Navratri: Know all about the grand 9 days of celebration and the significance of this pious festival

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Published by Soniya Kaur on 09 Oct 2018

India is a country of many festivals and Navratri is one such occasion which is celebrated for 9 days, leading to another festival i.e., Diwali or Deepawali. From today, 10th of October, Navratri kickstarts and ends on October 18. People will worship Goddess Durga and will play Dandiya during upcoming 9 days with all energy. You will see Goddess Durga Idols worshipped at many places which are all decorated with flowers and lightings. The last five days are celebrated as Durga Puja in West Bengal and the last day is called Dussehra.

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This festival is celebrated for various reasons and comes 4 times a year but only mid summer’s and early winter’s Navaratri is being celebrated in various cities of India. However, to this extinct, only this post-monsoon autumn festival called Sharada Navratri is observed which is widely celebrated in the state of Bengal.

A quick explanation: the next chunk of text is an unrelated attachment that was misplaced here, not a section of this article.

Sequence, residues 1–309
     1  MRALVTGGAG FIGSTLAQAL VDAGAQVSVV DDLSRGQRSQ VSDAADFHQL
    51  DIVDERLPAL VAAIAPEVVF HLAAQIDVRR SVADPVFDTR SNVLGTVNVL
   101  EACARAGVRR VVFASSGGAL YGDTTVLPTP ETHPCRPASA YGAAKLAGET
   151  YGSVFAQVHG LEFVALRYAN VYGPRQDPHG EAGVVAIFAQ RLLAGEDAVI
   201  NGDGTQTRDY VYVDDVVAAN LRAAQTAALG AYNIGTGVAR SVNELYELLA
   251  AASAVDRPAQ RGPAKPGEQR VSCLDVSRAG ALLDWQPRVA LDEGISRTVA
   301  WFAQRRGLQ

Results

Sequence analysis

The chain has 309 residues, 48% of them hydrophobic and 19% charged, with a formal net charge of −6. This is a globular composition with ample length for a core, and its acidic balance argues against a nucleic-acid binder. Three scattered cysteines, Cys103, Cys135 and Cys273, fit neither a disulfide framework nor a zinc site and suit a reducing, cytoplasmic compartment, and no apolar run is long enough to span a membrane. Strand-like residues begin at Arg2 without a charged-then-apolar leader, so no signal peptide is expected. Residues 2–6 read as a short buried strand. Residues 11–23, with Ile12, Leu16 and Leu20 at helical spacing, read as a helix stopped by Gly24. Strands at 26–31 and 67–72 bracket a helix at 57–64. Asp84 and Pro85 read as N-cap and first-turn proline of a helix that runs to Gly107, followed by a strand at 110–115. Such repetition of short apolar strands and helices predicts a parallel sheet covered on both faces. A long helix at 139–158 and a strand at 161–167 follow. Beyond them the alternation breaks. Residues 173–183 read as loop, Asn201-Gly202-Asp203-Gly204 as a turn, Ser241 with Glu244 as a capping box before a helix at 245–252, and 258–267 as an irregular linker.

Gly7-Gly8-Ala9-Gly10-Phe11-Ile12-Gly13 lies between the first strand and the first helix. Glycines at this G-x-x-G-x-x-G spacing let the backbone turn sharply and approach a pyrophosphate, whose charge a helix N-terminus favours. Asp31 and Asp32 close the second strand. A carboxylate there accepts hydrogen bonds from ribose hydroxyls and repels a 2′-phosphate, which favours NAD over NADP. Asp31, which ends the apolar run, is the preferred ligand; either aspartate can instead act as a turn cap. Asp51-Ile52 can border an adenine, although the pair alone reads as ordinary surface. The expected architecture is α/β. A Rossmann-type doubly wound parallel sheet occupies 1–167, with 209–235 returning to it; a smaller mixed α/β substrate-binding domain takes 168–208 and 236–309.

According to the holy Vedas, during this time Goddess Durga defeated a buffalo demon to save and render the Dharma or Dharm. In northern states, during Navratri, Rama Lila procession is seen in various part of the region and on the 10th day, the festival of Dussehra is celebrated that signifies the victory of God Rama over the King Ravana to save Sita.

In Gujarat, people widely play Garba and Dandiya in groups, make sweets, decorates their houses and many Pandals of Maa Durga are set.

The last or after the 9th day of Navratri everyone witnessed Dussehra where a huge Ravana idol is made and is burnt. Bengalis worship a huge idol of Goddess Durga for 9 days which is then immersed in a water body such as river and ocean. This symbolises the winning of truth and right.

After 20 days of Dusshera, Diwali is being celebrated as Lord Rama came back from his Vanavas after 14 years.

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